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WA Civil Commitment Sham

In 1989 Washington State passed a controversial "Sex Predator Law" (RCW 71.09) to allow for the "civil commitment" (indefinite incarceration) of "dangerous sexual predators." The law allows the state to file commitment papers on prisoners who have completed their maximum terms of incarceration and are due to be released from prison. The prisoner is afforded a jury trial in civil court where the state must show that he suffers from a "mental abnormality or personality disorder" that predisposes him to commit sex crimes and that a high likelihood exists that if released from prison he would commit predatory sexual offenses in the future.  

Opponents of the law claim that it violates prohibition against double jeopardy, ex post facto, self-incrimination, and vagueness of content. Opponents also claim that the statute violates equal protection and due process and that the law sets up an Orwellian "dangerousness courts" masquerading as mental health treatment. David Summers, writing on behalf of the Washington State Psychiatric Association in an amicus brief, states that the "Sex Predator Law" is based on an invented pseudo-science that encourages the ad hoc invention of psychiatric disorders to achieve a social end.  

Although those who are found to be sexual predators are confined to a "treatment center" until they can show that they are no longer dangerous, the laws true purpose is indefinite imprisonment of those who fall under its scope. Challenges to the civil commitment law itself have withstood state supreme court scrutiny. (See: In re Young, 122 Wn2d 1 (1993)(En Banc), reported in PLN Volume 4, No. 12) Since that ruling similar laws have been passed - based on Washingtons "Sex Predator Law" - in Wisconsin, Kansas, New Jersey and California. The Washington law is currently being litigated in federal district court.

Recently the application of civil commitment ventured into new territory. In March of this year a prisoner, Mitch Gaff, was civilly committed even though he had successfully completed the state run Sex Offender Treatment Program (SOTP) before completing his ten year sentence. Past and present directors of the SOTP testified at Gaffs civil commitment trial that only about a third of prisoners who enter the SOTP complete the program, about a third drop out and another third are kicked out. Mitch spent 26 months in the SOTP and successfully completed the program.  

The prosecution argued that the SOTP does not provide adequate treatment and presented expert witnesses whose testimony was designed to discredit the state run sex offender program. The prosecution also presented to the jury extensive information about Gaffs history of sexual assaults and deviant behavior. The overwhelming bulk of this damaging testimony about his past behavior was gleaned from information that Gaff self-disclosed while in treatment. While such open self-disclosure is a critically important part of the treatment process, it has also been shown in this instance to be a critically important part of the prosecutions case.  

The prosecution also relied heavily on the expert testimony of Dr. Robert Wheeler who touted recent advances in the "science" of predicting future dangerousness of sex offenders. Most of Wheelers expert testimony was based on his interpretation of the research of Dr. Vernon Quincy of Canada. Dr. Quincy has developed a statistical scoring method for predicting future dangerousness of sex offenders. The offenders history is analyzed and compared to a series of actuarial tables based on data relating to other offenders who have reoffended.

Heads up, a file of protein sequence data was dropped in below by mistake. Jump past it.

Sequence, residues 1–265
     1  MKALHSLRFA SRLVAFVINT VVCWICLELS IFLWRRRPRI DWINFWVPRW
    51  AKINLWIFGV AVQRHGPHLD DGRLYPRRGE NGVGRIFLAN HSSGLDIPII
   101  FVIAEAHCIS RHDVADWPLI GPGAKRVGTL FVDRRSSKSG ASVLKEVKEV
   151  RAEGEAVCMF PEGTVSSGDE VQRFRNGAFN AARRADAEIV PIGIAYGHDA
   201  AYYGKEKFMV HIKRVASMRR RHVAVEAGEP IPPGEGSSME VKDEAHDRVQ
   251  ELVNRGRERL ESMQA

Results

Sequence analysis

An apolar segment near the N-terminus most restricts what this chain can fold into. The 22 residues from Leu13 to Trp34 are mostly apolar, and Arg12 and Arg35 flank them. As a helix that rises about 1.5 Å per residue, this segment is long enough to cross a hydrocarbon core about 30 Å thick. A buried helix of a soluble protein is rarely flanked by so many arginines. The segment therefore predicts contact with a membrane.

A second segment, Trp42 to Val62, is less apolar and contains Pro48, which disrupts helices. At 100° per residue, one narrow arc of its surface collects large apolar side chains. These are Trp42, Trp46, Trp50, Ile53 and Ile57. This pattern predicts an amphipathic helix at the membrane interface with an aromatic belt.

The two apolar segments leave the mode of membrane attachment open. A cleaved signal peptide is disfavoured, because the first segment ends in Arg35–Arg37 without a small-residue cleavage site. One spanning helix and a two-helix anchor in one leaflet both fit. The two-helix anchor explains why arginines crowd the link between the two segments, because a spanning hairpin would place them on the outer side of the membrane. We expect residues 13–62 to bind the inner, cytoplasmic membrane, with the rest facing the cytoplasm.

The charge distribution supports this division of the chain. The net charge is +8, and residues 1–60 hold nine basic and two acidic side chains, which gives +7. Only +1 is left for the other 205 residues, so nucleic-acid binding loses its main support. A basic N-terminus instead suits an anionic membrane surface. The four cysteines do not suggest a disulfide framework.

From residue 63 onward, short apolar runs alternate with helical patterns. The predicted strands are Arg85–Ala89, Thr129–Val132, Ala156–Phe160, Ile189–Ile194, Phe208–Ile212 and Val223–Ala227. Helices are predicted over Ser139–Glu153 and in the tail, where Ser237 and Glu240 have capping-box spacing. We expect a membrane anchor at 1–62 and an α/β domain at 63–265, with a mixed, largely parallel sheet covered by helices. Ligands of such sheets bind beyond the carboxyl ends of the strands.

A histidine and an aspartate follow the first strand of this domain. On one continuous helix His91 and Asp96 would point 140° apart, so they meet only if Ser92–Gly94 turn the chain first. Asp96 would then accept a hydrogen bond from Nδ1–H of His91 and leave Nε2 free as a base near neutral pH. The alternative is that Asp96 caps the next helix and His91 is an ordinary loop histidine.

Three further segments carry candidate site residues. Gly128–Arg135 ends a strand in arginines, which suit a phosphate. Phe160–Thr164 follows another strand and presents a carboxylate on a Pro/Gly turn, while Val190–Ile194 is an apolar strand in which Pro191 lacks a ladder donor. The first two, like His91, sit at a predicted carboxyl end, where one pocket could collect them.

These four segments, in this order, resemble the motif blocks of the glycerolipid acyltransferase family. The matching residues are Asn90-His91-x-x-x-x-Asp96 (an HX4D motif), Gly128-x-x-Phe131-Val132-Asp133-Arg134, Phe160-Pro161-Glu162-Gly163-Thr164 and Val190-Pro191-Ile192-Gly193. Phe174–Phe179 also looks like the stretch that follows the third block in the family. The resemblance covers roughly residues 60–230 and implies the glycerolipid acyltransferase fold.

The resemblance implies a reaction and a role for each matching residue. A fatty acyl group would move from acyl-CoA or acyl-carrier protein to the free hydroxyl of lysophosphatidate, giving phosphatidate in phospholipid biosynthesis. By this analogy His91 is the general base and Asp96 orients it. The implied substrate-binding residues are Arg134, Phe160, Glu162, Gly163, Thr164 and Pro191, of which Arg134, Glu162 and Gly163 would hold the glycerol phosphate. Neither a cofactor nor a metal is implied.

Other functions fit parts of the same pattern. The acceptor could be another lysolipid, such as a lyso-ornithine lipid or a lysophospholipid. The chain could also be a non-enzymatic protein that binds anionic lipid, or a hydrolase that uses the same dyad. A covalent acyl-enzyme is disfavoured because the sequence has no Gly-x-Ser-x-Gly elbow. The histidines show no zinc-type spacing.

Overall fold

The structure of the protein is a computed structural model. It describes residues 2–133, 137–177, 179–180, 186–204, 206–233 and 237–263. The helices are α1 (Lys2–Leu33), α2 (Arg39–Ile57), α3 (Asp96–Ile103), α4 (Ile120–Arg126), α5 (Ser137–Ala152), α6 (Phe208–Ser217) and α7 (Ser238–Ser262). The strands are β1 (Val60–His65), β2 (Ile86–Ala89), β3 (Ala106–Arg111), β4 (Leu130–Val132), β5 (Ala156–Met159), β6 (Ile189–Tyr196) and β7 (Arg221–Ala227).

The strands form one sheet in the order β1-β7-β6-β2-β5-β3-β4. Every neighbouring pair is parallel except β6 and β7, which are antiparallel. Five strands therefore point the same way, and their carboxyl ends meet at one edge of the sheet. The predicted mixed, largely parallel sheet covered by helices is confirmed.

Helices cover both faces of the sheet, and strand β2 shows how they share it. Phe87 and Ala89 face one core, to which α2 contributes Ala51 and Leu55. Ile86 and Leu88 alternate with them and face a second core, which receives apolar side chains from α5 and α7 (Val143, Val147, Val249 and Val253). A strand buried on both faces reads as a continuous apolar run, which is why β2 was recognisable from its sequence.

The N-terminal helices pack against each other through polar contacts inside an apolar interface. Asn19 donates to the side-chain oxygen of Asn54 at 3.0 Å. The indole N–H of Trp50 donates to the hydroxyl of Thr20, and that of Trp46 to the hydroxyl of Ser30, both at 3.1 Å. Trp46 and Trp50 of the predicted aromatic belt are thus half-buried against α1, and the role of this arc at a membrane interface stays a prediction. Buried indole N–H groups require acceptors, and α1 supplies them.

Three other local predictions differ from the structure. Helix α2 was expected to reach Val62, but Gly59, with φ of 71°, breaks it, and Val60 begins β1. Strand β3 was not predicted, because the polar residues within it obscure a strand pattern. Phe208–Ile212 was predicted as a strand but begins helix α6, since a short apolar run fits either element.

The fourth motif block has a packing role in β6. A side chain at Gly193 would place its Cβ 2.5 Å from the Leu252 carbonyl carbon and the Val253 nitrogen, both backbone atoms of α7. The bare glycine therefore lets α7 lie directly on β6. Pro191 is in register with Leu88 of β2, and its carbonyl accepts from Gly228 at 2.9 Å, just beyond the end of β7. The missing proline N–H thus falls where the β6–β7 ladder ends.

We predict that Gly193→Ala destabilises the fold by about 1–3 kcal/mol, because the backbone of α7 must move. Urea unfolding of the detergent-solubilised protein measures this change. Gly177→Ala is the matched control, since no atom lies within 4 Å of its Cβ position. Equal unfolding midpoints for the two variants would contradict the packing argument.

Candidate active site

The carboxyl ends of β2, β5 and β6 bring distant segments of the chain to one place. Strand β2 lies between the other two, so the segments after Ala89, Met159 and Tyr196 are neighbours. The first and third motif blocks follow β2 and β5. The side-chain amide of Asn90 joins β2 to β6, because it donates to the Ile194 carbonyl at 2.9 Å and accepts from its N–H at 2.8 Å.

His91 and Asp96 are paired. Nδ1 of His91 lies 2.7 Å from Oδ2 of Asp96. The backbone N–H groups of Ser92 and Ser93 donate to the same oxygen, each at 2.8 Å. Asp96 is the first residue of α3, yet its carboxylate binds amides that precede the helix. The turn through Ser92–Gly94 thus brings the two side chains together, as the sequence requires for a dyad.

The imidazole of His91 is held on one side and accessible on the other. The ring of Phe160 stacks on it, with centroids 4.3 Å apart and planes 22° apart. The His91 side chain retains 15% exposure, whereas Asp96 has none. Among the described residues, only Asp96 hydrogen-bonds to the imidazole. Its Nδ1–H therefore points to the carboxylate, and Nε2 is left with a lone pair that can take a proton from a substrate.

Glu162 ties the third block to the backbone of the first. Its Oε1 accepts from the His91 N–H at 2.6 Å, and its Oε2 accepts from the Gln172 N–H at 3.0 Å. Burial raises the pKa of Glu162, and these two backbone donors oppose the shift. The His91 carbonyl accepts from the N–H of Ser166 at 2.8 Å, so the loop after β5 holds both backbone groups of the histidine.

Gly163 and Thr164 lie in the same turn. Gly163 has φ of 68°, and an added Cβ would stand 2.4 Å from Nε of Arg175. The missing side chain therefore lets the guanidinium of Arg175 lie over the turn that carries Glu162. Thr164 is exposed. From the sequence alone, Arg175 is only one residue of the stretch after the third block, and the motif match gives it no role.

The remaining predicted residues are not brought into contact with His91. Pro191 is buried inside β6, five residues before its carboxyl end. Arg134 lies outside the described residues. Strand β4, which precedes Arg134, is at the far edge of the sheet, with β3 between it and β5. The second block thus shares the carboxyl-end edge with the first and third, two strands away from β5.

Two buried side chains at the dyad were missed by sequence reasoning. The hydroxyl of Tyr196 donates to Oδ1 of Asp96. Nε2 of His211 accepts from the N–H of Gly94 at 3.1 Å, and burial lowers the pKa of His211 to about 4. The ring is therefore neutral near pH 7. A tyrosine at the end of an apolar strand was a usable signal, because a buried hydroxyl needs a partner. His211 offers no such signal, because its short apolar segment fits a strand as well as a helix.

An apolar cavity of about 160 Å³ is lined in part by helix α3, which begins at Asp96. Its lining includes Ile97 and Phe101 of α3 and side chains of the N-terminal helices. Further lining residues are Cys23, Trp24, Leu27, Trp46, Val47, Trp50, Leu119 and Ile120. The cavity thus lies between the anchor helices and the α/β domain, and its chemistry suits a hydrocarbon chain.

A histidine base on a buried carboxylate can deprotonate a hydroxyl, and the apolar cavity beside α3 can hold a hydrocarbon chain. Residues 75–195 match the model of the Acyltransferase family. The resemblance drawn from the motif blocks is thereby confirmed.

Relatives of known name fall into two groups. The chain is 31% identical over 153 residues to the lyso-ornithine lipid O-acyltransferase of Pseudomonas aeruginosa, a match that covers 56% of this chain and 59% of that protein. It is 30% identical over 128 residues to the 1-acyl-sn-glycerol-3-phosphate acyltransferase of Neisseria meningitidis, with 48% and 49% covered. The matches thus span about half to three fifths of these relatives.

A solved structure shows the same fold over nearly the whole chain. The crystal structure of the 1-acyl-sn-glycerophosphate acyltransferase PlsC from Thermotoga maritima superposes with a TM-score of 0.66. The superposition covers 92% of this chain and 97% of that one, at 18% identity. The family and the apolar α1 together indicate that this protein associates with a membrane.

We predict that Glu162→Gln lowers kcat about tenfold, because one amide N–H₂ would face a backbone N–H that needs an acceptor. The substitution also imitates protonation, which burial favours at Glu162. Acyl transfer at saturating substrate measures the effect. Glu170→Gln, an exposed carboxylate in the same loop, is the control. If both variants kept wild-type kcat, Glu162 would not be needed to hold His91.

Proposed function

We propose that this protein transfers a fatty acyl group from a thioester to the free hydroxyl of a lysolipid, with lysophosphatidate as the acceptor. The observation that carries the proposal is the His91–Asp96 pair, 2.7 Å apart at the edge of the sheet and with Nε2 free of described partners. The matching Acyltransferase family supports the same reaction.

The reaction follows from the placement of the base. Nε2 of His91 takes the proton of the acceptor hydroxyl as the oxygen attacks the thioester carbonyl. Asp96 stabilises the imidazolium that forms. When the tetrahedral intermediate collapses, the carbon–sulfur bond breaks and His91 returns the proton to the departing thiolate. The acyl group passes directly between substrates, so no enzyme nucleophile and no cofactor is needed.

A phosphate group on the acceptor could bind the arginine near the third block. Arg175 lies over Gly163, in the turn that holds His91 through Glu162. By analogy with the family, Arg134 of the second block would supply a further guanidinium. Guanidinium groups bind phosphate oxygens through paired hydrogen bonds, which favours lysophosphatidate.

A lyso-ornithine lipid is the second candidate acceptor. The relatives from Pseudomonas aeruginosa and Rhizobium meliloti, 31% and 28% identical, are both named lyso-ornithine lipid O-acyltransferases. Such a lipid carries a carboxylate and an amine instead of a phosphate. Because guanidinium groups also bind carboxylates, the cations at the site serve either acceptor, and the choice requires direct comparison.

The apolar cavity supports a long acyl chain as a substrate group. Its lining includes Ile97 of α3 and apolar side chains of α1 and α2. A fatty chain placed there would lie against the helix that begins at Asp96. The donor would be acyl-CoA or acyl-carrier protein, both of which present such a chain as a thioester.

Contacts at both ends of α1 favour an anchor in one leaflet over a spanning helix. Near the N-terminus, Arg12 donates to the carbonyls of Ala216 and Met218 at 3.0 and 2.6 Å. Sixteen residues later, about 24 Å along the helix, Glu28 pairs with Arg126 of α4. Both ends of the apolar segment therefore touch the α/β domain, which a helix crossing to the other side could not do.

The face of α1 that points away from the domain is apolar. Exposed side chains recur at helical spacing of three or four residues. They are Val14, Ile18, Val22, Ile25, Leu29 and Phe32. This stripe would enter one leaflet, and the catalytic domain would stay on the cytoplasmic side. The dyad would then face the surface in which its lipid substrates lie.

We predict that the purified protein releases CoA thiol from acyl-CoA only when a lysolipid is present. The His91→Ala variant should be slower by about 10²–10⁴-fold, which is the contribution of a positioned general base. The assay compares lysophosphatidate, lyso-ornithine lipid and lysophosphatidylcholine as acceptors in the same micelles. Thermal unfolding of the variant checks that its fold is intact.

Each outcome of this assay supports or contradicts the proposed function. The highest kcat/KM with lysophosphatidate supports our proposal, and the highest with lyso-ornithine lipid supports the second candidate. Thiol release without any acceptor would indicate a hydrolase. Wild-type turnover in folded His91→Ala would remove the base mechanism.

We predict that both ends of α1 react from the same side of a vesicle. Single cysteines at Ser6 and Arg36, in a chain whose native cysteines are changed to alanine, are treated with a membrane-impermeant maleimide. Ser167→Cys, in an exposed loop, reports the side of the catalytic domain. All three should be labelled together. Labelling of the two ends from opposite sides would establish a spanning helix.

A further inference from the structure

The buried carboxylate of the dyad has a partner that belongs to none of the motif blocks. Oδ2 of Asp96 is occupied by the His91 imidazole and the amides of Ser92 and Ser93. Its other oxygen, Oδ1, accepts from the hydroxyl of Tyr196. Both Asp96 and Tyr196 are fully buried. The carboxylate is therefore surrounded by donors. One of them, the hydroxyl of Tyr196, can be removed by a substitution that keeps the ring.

Gaffs attorney, Caroline Mann, argued that the statistical data should not be presented to the jury because of its purely speculative nature. The judge allowed the testimony about statistical actuarial tables, though, as a means of letting the jury know what Dr. Wheelers expert opinion was based upon. In that indirect way the actuarial tables were allowed to sway the opinion of the jury, lending scientific authority to the state witnesses claims that Gaff was likely to reoffend.  

Of the dozens of variables used to calculate the actuarial risk of reoffense, all but one are based on the offenders past history, i.e. family history, performance and behavior in school, record of arrests, etc. Only one of the variables considered can be changed over time, results of a plethismograph test that measure physical arousal to various sexual stimuli. When Gaffs attorney pointed out that his plethismograph scores indicate a low arousal to sexually deviant stimuli, Dr. Wheeler countered that most offenders have the ability to purposely suppress their arousal and thereby "beat" the test. It would appear, then, that there is absolutely nothing Gaff can ever do - not with any amount of treatment - that would lower his "scientifically" calculated risk to reoffend.  

Gaff was housed in the states Special Commitment Center during the pretrial proceedings and the trial. He reports that staff at the center told him they have no idea of what treatment they could offer that he had not already successfully completed during his 26 months in the SOTP.

In theory the civil commitment law is designed to allow for the confinement of persons who suffer from a "mental abnormality" until they have received sufficient treatment to no longer present a threat to the community. In practical application the law is nothing more than indefinite incarceration of prisoners who have already completed their full sentences. Period. This case illustrates that point rather clearly.

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